They likewise make eertain four-square baskets of slender twigs, as big as great chests; and afterwards from one side to another they frame an hollow lid or cover of such-like twigs, and make a door in it before. Then they cover the said chest or house with black felt, rubbed over with tallow or sheep's milk, to keep the rain from soaking through, which they likewise adorn with painting or white feathers. Into these chests they put their whole household stuff, or treasure, and bind them upon other carts which are drawn by camels, that they may pass through rivers ; neither do they ever take down these chests from their carts.
When they take down their dwelling-houses, they turn the doors always to the south, and next they place the carts laden with chests here and there within a stone's cast of the house, insomuch that the house standeth between two ranks of carts, as it were between two walls.
The women make themselves (adorn ?) beautiful carts, which I am not able to describe to your majesty but by pictures only. I would willingly have painted all things for you, had my skill being great enough in that art. A rich Tartar hath a hundred or two such carts with chests. Baatu hath sixteen wives, every one of which hath one great house besides other little houses, which they place behind
the great one, being as it were chambers for their women to dwell, and to each of the houses belong two hundred carts. When they take their houses off their carts, the principal wife placeth her court on the west, and so all the rest in order; so that the last wife's house is on the east frontier, and the court of each wife is distant from another about a stone's cast.
Hence it is that the court of a rich Tartar will appear like a very large village, few men being to be seen therein. One woman will guide twenty or thirty carts at once, for their country is very flat, and they fasten the carts with camels or oxen one behind another. A wench sits in the foremost cart driving the oxen, and all the rest of themselves follow at a like pace. When they come to a place which is a bad passage, they loose them, and guide them one by one, for they go at a slow pace, and not much faster than an ox can walk.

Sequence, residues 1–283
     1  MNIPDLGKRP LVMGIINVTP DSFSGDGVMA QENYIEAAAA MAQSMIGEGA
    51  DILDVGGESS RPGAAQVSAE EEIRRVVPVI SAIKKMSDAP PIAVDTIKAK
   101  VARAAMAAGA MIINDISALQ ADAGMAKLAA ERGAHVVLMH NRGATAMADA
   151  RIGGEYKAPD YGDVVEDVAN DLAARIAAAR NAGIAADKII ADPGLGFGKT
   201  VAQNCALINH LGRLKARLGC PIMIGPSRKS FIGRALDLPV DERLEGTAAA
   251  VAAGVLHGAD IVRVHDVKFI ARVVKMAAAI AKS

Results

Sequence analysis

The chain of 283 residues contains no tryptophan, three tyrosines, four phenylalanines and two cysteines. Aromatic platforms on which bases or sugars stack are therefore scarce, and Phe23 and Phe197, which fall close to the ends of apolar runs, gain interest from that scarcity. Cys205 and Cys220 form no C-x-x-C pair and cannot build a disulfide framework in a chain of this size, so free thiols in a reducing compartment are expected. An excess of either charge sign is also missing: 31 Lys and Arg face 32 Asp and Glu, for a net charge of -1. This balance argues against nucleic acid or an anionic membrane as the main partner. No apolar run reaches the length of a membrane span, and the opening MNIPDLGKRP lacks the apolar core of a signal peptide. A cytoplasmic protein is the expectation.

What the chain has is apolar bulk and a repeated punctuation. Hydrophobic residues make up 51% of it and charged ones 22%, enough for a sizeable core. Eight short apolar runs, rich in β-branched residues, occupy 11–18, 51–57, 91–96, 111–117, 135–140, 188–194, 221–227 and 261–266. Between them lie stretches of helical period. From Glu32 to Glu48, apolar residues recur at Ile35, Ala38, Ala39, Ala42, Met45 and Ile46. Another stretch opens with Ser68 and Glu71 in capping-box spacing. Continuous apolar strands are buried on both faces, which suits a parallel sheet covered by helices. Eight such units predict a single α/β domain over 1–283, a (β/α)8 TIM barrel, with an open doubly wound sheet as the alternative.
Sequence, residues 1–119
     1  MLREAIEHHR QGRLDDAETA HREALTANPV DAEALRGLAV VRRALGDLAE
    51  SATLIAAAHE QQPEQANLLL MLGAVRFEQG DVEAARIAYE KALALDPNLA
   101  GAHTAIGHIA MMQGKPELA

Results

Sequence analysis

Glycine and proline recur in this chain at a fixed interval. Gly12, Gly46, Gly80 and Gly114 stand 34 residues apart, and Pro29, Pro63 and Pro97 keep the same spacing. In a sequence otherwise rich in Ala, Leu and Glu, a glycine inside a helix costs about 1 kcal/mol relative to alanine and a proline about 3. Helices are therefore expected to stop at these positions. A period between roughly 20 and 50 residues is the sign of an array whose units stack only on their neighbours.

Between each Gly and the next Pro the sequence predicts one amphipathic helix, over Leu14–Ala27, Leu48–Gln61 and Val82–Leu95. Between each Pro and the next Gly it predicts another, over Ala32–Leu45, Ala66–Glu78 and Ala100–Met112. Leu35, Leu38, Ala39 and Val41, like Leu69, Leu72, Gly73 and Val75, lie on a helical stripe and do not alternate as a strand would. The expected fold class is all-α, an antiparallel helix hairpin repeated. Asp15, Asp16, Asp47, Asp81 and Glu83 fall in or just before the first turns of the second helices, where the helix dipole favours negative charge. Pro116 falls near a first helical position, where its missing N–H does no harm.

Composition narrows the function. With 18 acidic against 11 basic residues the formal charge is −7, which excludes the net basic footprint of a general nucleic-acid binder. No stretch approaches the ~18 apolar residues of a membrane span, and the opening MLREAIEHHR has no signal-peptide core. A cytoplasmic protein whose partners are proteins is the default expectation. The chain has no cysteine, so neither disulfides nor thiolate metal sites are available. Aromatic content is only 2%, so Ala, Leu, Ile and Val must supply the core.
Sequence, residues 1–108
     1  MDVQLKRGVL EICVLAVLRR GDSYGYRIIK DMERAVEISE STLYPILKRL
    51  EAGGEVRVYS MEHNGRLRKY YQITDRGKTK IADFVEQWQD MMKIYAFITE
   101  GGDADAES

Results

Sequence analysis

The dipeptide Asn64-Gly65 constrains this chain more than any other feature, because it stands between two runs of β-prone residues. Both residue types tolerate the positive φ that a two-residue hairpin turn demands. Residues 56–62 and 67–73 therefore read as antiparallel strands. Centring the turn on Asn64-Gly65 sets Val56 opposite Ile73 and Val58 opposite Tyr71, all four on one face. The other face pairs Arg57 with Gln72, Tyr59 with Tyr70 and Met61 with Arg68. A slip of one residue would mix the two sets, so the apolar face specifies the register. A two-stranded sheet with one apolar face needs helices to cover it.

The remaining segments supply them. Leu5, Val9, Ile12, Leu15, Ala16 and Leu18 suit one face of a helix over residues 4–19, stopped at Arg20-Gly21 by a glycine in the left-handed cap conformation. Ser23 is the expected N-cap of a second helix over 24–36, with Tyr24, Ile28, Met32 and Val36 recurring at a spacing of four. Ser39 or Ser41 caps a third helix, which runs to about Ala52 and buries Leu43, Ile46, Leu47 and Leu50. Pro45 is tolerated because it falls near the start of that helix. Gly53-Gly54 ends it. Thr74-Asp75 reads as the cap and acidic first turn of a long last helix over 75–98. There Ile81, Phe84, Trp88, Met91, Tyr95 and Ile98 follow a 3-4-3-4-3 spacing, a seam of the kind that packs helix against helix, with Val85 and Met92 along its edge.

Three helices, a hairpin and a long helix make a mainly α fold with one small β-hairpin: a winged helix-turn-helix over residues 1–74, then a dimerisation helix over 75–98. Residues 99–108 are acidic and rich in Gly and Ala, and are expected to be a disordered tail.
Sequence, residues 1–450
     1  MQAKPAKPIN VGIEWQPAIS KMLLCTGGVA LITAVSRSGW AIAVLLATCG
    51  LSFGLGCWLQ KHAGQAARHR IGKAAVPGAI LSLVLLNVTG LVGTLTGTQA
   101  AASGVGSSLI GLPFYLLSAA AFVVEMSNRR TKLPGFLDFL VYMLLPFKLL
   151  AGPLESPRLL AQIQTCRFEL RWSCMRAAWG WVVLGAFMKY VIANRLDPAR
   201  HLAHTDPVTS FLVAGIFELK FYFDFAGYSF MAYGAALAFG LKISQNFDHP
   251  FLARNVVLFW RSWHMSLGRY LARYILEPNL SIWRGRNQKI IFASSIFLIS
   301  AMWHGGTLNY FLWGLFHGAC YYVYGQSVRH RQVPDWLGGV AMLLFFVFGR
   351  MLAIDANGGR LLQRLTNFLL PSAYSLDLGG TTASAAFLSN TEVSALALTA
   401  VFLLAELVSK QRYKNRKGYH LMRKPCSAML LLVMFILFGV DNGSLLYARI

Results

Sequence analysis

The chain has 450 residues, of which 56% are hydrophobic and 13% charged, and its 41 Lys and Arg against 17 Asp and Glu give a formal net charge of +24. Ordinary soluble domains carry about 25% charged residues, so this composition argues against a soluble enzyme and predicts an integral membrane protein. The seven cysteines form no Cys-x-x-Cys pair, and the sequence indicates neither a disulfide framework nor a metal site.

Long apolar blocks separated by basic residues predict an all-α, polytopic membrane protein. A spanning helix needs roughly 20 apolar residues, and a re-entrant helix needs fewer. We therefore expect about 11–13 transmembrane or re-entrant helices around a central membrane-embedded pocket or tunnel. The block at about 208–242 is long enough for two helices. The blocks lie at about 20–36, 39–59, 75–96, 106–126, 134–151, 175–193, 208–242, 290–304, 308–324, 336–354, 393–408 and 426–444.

On my arrival among these barbarous people I thought, as I before observed, that I was come into a new world; for they came flocking about us on horseback, after they had made us wait for them in the shade under the black carts. The first question they asked was, whether we had ever been with them heretofore or not; and on our answering that we had not, they began impudently to beg our victuals from us. We
them some of our biscuit and wine, which we had brought with us from the town of Soldai; and having drunk off one flaggon of our wine, they demanded another, telling us that a man does not go into a house with one foot. We gave them no more, however, excusing ourselves that we had but little. Then they asked us whence we came, and whither we were bound. I answered them in these words, That we had heard concerning their Prince Sartach, that he was become a Christian, and that unto him our determination was to travel, having your majesty's letter to deliver unto him. They were very inquisitive to know if I came of mine own accord, or whether I was sent. I answered that no man compelled me to come, neither had I come unless I had been willing; and that there I was come, according to my own will and that of my superior. I took the utmost care never to say I was your majesty's ambassador. Then they asked what we had in our carts, whether it were gold, silver, or rich garments to take to Sartach. I answered that Sartach should see what we had brought when we were come unto him; that they had nothing to do to ask such questions, but rather ought to conduct me unto their captain ; and that he, if he thought proper, should cause me to be directed to Sartach—if not, that I would return; for there was in the same province one of Baatu's kinsmen, called Zagatai, to whom the Emperor of Constantinople had written letters to suffer me to pass through his territories.
With this answer of ours they were satisfied, giving us horses and oxen and two men to conduct us. But before they would allow us these necessaries, they made us wait a long while, begging our bread for their brats, wondering at all things they saw about our servants, as their knives, gloves, purses, and points, and desiring to have them. I excused myself, saying we had a long way to travel, and we could not deprive ourselves of things necessary to finish so long a journey. They said I was a niggardly scoundrel. It is true they took nothing by force from me, but they will beg all they see very importunately; and if a man bestows anything upon them, it is but lost; for they are thankless wretches. They esteem themselves lords, and think that nothing should be denied them by any man.
If a man gives them nothing, and afterwards stands in need of their